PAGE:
Good governance, opportunities for young people, and winning the campaign against the “exploiters, liars and criminals” who are twisting “a great religion”. These are the three pressing issues we must tackle now for a better future, according to US Secretary of State John Kerry, who addressed participants at Davos on Thursday.


All three challenges are connected.

First of all, “extremism often finds nourishment where leadership is fragile,” Kerry said. Only better governance can rout the scourge of corruption, which costs the global economy $2.6 trillion, blights job prospects and “opens up a vacuum that allows the predators to move in”. He called on business leaders to “demand accountability” from their counterparts in government, highlighting the links between corruption and unrest in countries including Libya, Yemen, Burundi and Iraq.

Second, jobs are essential to prevent young people, the “swing voters in the struggle against violent extremism”, growing up “without opportunities for a better life”. In today’s global, digital society:

“Young people are not only frustrated but completely aware of what they don’t have in a world where everyone is connected 24/7. Who are they going to listen to?”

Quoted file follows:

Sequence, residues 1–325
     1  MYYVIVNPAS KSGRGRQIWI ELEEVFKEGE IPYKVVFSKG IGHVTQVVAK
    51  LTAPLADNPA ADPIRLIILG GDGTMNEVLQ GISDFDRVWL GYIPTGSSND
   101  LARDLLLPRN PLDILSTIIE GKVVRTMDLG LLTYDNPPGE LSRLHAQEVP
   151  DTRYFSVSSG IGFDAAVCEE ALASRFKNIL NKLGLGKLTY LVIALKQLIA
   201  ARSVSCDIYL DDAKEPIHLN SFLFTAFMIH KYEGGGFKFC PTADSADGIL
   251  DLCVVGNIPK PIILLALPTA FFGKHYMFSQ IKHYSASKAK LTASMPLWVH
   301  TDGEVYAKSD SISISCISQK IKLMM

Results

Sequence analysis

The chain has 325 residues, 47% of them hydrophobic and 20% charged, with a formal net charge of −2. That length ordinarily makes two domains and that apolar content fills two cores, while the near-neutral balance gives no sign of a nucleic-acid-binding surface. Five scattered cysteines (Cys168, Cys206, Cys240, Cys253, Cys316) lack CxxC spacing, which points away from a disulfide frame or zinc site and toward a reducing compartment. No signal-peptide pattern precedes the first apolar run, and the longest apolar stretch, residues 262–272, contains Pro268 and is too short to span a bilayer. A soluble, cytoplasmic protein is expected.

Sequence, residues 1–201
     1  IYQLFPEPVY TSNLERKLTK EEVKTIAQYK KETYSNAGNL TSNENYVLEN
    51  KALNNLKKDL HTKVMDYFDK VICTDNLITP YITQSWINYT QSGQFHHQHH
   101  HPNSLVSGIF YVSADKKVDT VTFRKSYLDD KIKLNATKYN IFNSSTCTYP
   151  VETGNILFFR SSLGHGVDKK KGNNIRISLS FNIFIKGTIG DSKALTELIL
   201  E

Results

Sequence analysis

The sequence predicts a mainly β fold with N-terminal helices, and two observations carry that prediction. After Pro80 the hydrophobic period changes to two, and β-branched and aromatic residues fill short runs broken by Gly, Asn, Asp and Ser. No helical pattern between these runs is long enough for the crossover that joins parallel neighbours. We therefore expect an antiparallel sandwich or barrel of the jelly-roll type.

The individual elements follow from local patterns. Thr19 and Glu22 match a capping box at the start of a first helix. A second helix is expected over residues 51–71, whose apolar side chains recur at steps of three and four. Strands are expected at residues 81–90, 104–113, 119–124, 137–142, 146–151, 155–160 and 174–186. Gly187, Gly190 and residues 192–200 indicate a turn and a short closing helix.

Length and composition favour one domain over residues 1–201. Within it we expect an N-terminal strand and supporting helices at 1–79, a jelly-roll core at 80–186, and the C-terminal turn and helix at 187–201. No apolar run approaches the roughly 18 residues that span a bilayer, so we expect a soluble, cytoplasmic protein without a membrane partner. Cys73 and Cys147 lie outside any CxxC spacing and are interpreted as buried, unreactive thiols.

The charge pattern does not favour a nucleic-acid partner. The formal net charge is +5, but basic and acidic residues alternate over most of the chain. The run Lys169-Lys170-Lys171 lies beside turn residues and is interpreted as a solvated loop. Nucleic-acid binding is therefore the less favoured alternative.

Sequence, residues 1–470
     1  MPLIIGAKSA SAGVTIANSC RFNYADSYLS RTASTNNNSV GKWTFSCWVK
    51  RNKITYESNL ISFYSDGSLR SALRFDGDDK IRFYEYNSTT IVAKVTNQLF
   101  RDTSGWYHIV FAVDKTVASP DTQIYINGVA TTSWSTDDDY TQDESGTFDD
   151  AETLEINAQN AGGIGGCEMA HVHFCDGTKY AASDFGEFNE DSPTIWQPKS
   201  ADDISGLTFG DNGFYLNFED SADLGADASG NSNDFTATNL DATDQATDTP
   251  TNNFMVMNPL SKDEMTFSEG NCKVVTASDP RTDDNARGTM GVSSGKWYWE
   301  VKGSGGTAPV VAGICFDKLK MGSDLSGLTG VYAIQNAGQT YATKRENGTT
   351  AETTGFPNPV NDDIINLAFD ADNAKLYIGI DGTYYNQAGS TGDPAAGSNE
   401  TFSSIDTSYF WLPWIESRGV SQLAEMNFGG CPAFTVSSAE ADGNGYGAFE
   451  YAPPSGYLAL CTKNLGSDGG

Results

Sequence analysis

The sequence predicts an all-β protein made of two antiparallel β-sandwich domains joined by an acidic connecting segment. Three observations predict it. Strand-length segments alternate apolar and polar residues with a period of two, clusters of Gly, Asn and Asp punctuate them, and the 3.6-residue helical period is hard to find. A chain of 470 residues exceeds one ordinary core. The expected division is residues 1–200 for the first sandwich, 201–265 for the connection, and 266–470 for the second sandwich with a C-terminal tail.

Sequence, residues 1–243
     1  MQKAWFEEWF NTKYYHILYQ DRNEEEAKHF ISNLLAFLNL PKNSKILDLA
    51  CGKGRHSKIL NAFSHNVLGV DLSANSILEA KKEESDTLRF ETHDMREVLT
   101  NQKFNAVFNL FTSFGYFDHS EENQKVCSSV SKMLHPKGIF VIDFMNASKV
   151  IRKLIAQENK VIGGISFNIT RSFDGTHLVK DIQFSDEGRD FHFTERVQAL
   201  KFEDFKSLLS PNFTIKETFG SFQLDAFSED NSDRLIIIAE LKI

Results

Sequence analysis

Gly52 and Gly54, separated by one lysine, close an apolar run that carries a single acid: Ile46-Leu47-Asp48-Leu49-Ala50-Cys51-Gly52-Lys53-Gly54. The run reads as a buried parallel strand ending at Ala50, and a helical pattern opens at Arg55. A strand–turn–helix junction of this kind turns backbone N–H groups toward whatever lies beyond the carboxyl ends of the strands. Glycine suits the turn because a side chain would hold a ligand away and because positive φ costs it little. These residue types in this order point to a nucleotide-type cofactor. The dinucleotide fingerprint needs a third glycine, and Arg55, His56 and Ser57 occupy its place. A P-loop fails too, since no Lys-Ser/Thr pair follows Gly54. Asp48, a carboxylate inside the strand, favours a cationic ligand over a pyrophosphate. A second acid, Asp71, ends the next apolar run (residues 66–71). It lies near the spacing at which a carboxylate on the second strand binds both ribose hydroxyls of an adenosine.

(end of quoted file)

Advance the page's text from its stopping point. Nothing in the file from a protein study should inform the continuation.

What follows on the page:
In this context, Kerry spoke of the importance of the latest Sustainable Development Goals, launched at the UN last year, and the “holistic” kind of leadership identified by Professor Klaus Schwab, Founder and Executive Chairman of the World Economic Forum. He called on countries around the world to remove barriers to innovation, make it easier to start a business, and give “women and girls the chance to compete.”

Third, we must win the campaign against extremism, Kerry said. We should neither resign ourselves to a world where today’s violence and conflict are seen as “the new normal”, nor over-react and “define our adversaries so broadly” that our actions backfire.


He spoke of how people around the world had defied extremists’ attempts to exploit divisions, from Muslim passengers donating headscarves to stop non-Muslims being targeted after al-Shabaab militants stormed a bus in Kenya, to Muslims taking to Twitter to mock a call for ISIS recruits, saying that they would rather “watch Star Wars” or be “part of a civilized society”.

Beyond resisting divisions, “Nothing would do more to terminate Daesh (ISIS) than an end to the war in Syria,” he said, and “we’ve taken important first steps”. Ending the war was a priority for "every government in the region", he added – no matter how much they disagreed.

The Annual Meeting is taking place in Davos from 20 to 23 January, under the theme “Mastering the Fourth Industrial Revolution”.